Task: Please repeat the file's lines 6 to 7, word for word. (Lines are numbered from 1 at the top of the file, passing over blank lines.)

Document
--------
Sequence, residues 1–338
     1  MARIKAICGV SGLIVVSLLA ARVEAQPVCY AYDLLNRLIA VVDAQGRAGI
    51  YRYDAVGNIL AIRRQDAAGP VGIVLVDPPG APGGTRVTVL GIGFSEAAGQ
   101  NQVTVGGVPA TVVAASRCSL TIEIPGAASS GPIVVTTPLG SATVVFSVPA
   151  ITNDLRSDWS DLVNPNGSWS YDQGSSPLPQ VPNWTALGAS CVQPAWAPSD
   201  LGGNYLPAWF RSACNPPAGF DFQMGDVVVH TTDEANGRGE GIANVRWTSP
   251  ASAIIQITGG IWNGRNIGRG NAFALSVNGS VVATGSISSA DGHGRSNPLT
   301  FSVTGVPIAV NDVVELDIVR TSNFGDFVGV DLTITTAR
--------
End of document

   201  LGGNYLPAWF RSACNPPAGF DFQMGDVVVH TTDEANGRGE GIANVRWTSP
   251  ASAIIQITGG IWNGRNIGRG NAFALSVNGS VVATGSISSA DGHGRSNPLT